- Boulder botches deer issue

Boulder botches deer issue

March 29, 2002 Rocky Mountain News (Denver, CO)
Gov. Bill Owens hardly overstated the case when he told Boulder County commissioners that chronic wasting disease "has the potential to eliminate deer and elk from the state within the next half-century."

The governor asked the commissioners to reconsider their March 12 vote limiting how and where the Division of Wildlife could cull deer in an attempt to slow the spread of the disease. We hope they agree. Boulder County has a lot of deer in this fight. In one recent test in the northern part of the country, three of 12 animals tested had the deadly infection. The commissioners voted 2-1 to allow the division to dart and trap deer in that area (and then to euthanize them), but not to shoot them.

County Commissioner Ron Stewart has written that division officials testified that darting and trapping would be adequate, and that he might have decided differently if he'd been told more emphatically that shooting the deer was essential.

But Division of Wildlife veterinarian Mike Miller says there was nothing in the testimony that altered the division's recommendations. "We laid out as necessary what we believed was necessary," he said, though they'd do the best they could with the tools the commissioners allowed them. As he told News reporter Todd Hartman after the hearing, trapping and darting was less effective and efficient than shooting, but, "it's better than nothing."

What's appropriate in a particular situation depends on many factors, including the size of the herd, the infection rate, the terrain, the season and probably many other things that wildlife experts would consider. So the larger point is that elected officials would be wise to make the broad policy decisions and leave the time-place-and-manner decisions to specialists.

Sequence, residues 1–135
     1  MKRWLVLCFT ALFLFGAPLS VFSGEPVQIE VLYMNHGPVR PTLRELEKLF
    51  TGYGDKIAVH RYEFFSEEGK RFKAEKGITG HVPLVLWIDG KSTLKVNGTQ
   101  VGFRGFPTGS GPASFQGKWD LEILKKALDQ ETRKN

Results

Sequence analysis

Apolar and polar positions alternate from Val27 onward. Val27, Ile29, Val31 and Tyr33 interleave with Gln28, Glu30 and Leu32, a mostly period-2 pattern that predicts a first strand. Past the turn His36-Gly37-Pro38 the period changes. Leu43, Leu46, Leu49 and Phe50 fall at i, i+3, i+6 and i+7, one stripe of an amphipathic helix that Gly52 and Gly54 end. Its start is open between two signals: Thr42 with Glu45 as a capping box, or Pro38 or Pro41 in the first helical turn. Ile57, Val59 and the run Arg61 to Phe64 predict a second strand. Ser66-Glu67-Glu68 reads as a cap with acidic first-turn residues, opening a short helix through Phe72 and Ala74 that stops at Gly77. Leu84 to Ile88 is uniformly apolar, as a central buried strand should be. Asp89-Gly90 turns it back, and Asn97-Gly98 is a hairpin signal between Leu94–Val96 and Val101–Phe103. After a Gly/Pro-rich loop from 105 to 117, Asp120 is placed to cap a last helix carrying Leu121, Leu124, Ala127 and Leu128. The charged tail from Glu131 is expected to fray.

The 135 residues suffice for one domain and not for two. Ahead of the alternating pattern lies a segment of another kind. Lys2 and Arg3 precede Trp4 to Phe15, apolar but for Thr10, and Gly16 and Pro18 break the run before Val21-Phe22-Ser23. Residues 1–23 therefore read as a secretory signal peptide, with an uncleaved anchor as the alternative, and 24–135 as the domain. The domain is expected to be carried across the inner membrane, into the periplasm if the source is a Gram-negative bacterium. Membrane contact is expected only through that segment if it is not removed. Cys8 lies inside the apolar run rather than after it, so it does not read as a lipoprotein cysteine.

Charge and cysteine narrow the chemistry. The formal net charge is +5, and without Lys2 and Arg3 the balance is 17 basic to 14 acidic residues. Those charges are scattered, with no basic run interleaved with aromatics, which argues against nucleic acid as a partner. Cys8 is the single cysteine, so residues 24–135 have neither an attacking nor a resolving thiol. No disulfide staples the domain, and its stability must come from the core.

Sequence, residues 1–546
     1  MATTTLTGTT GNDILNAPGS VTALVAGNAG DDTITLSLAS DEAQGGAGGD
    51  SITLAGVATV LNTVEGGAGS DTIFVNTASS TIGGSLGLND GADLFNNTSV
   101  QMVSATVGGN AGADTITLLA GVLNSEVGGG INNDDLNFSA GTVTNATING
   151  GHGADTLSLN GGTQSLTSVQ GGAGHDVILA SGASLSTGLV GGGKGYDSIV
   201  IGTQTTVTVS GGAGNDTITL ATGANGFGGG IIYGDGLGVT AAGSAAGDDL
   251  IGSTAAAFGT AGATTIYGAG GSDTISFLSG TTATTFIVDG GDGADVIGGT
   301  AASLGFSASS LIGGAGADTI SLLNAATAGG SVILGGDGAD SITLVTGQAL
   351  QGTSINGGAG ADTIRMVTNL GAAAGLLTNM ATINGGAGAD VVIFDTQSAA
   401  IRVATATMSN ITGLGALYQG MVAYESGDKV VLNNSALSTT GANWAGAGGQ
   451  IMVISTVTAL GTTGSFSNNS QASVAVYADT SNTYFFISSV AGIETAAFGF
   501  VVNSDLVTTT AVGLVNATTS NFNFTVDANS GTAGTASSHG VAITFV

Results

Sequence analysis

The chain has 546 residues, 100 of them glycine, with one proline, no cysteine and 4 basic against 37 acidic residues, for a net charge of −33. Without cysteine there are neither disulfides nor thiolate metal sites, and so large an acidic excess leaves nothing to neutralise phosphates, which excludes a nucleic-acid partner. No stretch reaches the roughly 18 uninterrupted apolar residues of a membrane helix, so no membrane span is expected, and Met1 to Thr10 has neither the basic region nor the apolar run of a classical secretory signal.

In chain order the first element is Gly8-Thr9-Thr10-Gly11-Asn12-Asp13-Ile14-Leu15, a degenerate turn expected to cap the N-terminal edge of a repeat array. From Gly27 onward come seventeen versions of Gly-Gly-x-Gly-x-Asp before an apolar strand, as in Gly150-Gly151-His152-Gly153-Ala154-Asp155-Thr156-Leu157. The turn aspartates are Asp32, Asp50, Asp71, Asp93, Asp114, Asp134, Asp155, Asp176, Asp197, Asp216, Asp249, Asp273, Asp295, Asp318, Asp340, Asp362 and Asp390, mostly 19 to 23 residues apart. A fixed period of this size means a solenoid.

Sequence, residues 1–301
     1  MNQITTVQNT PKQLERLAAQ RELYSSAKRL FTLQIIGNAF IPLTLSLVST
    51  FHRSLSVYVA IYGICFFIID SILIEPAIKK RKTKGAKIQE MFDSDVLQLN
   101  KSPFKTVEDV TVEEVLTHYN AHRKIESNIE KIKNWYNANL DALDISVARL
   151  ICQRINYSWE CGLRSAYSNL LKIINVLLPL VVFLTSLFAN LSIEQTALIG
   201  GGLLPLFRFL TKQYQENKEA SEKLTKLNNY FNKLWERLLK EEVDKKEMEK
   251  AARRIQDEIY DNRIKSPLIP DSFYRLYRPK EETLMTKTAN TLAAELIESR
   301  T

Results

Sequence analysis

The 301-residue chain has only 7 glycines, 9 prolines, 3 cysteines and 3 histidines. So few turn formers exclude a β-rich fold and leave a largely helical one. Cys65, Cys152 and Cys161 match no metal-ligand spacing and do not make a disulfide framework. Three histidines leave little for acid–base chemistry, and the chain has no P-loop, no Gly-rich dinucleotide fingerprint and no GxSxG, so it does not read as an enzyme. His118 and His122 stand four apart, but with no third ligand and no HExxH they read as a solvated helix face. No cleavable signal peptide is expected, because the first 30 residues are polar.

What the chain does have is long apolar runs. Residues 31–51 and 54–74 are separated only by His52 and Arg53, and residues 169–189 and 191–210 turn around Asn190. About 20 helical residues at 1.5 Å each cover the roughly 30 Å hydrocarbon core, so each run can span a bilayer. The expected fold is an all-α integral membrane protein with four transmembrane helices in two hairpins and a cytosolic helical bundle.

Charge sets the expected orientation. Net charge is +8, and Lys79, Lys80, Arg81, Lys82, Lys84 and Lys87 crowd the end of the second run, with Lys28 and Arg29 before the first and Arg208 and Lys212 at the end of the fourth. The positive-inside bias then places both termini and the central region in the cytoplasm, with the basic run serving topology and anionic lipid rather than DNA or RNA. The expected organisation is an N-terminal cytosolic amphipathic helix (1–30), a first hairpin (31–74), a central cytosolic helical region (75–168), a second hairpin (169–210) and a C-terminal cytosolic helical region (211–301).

But it's still important that they get the policy right. In the other part of their decision, they refused the division permission to take any deer at all on county land in the southern part of the county, where the disease prevalence is low.

That southern part, Stewart wrote, "has plenty of private and National Forest Service land where CDOW can continue its mission of killing deer."

But the proper question, surely, is not who owns the land; it's whether the deer on it are sick. Jeff VerSteeg, terrestrial wildlife manager for the Division of Wildlife, explained Saturday in the News that its strategy where the rate of disease is low is to remove specific small herds of deer where diseased animals have already been found.

If some of those herds prove to be on Boulder County land, and they remain there, they could potentially infect herds in a wide surrounding area. It's true we don't know precisely how the disease is spread, but that it is contagious is clear. In some 8 percent of the state it is already considered endemic, with at least 5 percent of animals infected, and from 10 to 15 percent in some areas along the northern Front Range.

Colorado can't put off doing what scientists believe is most likely to slow the epidemic until every scientific question has been answered in detail. Coloradans treasure the sight of deer gliding through the woods or elk bugling in Rocky Mountain National Park. Tourism and hunting are important to the state's economy, too. Do we want to wait until the last animal has staggered off to die?

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